The Hope Source
autism and environmental overstimulation

autism and overstimulation

The Purple Philosophy

Autism and Environmental Overstimulation

Whether you have a child or know someone on the spectrum, understanding a few things about autism and environmental overstimulation is crucial to a successful interaction. Environment can make or break an individual’s success. If a child with autism is struggling to engage or is escalating into fight or flight, before you respond consider the surroundings.

Take a look around…what is the surrounding environment like? Are you in a busy or high traffic area? Is it noisy? Are there other people around? Is it possible the lights too bright? Do the walls contain images filled with colors and words and pictures? Can people pass through at any moment? Is the ceiling high and echoey? Might there be background noise that is distracting like a loud fan, a noisy appliance or a buzzing light fixture? Any or all of these factors can increase anxiety and aggression for someone on the spectrum which impacts the ability to learn or remain regulated for quality engagement.

When you are teaching a skill or even just engaging with someone on the spectrum, it is crucial to start in a low-stimulatory environment. Of course what is “low-stim” for one person is going to differ and be somewhat specific to each individual. One person may be able to handle a moderate amount of background noise while being highly put off by light or smell, for example, and another person may be extremely sensitive to noise. You must know the person with whom you are seeking to engage. If you do not know him or her very well, always choose the least stimulating environment.

Don’t forget that you are stimulating, too. Your mannerisms, way of speaking, tone of voice, your overall demeanor and affect are all factored into the equation. So, when with someone on the spectrum, keep verbal communication to a minimum. As they begin to grow competent in the role or skill you are teaching, even if it’s just turn-taking in a general conversation, gradually increase the complexity of the environment over a period of days, weeks or months depending on the individual.

Want to read more?

  1. To read the latest THS posts, go here:
  2. To learn more about how we set up our environments, look here:
  3. For information about the Dynamic 12, click here:

The Purple Philosophy: Social Communication 

When it comes to ASD and social communication, supporting social interaction is an important piece of the puzzle. At The Hope Source, we recognize that offering safe, supportive opportunities for students to engage in age-appropriate peer interaction facilitates growth and leads to competence. Fostering social competence is reliant on honing the skills of social referencing and reciprocity.
In order to engage in a social interaction, a person needs to be able to take another’s perspective and adjust the interaction accordingly. One of the challenges faced by individuals with autism is an overall lack of awareness of the feelings and emotional states of others and failure to pick up on nonverbal cues like facial expressions, inflection and intonation of voice.
We often see that a child or adolescent on the spectrum is failing in traditional school environments, not because of academic content, but because the social environment and demands in social cognition and social communication are so high.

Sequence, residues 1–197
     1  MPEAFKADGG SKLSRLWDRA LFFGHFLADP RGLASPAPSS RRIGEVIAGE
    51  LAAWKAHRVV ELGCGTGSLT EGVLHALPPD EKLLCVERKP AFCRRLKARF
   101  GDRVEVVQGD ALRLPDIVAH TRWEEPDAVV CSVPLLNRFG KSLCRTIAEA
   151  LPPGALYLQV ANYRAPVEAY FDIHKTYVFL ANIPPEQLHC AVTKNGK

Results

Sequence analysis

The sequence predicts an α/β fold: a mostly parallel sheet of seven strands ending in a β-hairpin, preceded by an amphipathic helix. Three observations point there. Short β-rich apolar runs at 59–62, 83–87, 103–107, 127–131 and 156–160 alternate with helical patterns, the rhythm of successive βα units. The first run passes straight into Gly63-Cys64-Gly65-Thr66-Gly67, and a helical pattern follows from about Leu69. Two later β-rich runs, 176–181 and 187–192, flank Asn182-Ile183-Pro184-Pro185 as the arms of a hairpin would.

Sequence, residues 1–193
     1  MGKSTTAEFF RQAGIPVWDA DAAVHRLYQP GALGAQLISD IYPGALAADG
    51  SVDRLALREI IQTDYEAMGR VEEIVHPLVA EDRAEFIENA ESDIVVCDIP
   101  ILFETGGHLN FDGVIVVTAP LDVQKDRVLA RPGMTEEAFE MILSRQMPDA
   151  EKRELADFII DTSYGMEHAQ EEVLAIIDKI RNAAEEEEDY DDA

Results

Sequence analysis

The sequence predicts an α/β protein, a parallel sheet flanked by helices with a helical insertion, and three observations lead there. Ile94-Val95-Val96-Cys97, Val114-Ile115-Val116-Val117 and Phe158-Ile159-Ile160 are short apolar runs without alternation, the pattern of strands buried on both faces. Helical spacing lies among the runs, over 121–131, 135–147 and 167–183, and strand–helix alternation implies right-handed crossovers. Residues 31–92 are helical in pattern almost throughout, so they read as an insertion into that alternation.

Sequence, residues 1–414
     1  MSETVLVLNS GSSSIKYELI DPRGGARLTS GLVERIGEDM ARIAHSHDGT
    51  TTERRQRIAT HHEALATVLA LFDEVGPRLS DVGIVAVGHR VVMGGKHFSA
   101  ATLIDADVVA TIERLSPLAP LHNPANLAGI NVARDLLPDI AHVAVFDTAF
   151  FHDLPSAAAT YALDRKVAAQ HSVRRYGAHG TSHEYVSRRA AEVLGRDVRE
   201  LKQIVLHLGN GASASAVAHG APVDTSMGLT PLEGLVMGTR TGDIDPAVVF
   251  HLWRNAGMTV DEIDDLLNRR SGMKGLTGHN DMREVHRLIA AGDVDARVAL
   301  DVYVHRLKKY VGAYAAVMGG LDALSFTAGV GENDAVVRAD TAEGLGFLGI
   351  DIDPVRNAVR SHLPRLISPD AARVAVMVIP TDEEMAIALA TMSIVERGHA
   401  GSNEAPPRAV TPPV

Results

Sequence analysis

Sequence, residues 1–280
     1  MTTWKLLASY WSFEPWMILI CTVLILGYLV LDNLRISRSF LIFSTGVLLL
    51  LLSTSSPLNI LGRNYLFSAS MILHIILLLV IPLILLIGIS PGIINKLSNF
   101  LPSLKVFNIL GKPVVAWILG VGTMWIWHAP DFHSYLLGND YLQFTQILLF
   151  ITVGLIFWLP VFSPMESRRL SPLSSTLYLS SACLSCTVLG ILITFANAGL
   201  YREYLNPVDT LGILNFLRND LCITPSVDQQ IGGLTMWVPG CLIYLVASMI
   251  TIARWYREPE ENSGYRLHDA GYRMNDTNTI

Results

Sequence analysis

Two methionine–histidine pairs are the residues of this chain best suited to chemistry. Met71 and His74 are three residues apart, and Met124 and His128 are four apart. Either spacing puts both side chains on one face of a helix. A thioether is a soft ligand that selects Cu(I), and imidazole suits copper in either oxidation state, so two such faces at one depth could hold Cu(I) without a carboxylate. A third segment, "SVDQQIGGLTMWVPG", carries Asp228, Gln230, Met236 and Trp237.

Individuals with ASD often do not understand why friendships are not developing or how to recognize and repair the breakdown. This leads to anxiety surrounding school and thus, impacts academic success. By creating an environment in which students on the spectrum can explore peer interaction and develop academic skills, The Hope Source and Dynamic Minds Academy offers the best of both worlds!
Aristotle knew and we agree; Both are critical to education and long term quality of life.


Want more information? Here’s a start:

  1. To read the most recent Purple Philosophy blog post, click here:
  2. For more information about social communication and how it relates to autism and the D12, click here:
  3. To learn how to use simple games to practice nonverbal communication with your child, click here:




Game Time! 

This is a revisit of a Facebook post we made way back in 2013 but it’s a good one!

Try these fun, nonverbal games/activities with your family to practice and strengthen your child’s ability to “read” others’ nonverbal cues and communication:

Charades: try acting out different emotions to help your child interpret your body language, facial expressions, and gestures.

Name that Face: you could practice the skill of interpreting others’ facial expressions in a variety of ways.

Peek-a-Boo with a twist: Hide your face and reveal a different expression, giving your child time to process and label the emotion being expressed.

Facial Expression Sort: Have a pictorial collection of faces expressing a wide range of emotions (magazine clippings would work great) and sort through the faces, categorizing them by the emotion expressed.

Mirror Me: Use a mirror so both you and your child can see your faces. Take turns making a facial expressions that the partner practices matching.

Family Feelings: Take pictures of each of your family members expressing several different emotions. Print off the pictures and create collages or posters for each emotion. To extend the activity further, list different scenarios in daily life that make you feel that emotion.

Have fun! We’d love to hear about your experience so comment below!

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